You can now upgrade the worker node’s kubelet and restart the service:

apt-mark unhold kubelet && apt-get update && apt-get install -y 
kubelet=1.29.0-00 && apt-mark hold kubelet

systemctl restart kubelet

Step 9: Restore the worker node

Log into the worker node and run:

kubectl uncordon worker

Step 10: Repeat for remaining worker nodes

Now we’ll need to repeat steps 6-9 for the remaining worker nodes.

Step 11: Review cluster status

Check the current status of the cluster after the upgrade by running:

kubectl get nodes

Kubernetes Upgrade Best Practices

Upgrade Incrementally 

When upgrading Kubernetes, proceed incrementally to mitigate risks and ensure stability throughout the process. This involves upgrading one minor version at a time rather than skipping directly to the latest release. By doing so, you allow each component of the cluster to adapt to slight changes rather than dealing with multiple changes at once. 

This method significantly reduces the chance of encountering compatibility issues or bugs that can arise from more substantial updates. Incremental upgrades also make troubleshooting easier, as it’s clearer which change may have introduced any issues.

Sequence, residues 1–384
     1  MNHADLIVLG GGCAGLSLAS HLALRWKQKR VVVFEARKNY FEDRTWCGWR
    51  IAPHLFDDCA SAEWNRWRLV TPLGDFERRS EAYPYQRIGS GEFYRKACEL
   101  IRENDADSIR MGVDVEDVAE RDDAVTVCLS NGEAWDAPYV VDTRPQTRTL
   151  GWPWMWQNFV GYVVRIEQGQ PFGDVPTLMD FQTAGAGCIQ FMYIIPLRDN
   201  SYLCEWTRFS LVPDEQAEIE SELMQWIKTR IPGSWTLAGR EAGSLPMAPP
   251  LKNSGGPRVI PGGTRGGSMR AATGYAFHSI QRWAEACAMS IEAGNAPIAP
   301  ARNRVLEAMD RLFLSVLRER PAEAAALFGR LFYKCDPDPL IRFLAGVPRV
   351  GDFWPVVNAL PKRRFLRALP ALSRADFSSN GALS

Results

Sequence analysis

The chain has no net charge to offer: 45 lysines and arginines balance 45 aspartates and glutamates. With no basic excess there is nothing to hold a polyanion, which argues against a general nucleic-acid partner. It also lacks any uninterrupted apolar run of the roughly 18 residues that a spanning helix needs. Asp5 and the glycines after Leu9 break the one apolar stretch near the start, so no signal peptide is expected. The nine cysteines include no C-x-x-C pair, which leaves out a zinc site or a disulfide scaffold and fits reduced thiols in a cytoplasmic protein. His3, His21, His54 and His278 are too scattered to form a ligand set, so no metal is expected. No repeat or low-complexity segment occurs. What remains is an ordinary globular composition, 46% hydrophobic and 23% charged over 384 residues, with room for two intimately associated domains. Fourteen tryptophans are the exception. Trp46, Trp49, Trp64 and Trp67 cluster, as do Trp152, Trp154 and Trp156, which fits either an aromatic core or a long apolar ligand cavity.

Ensure a Downgrade Path for etcd

When planning Kubernetes upgrades, ensuring there is a viable downgrade path for etcd is crucial. etcd, a key-value store that serves as the backbone for cluster data, must be compatible with the Kubernetes API server at all times. 
Before upgrading, confirm that etcd‘s newer version supports rolling back to the version you’re currently using. This safety measure provides a fallback option if the newer version proves unstable or incompatible with other cluster components.

Use Multiple Environments 

Using multiple environments during the Kubernetes upgrade process can safeguard your production systems. Start by testing upgrades in a development or staging environment that closely mimics your production setup.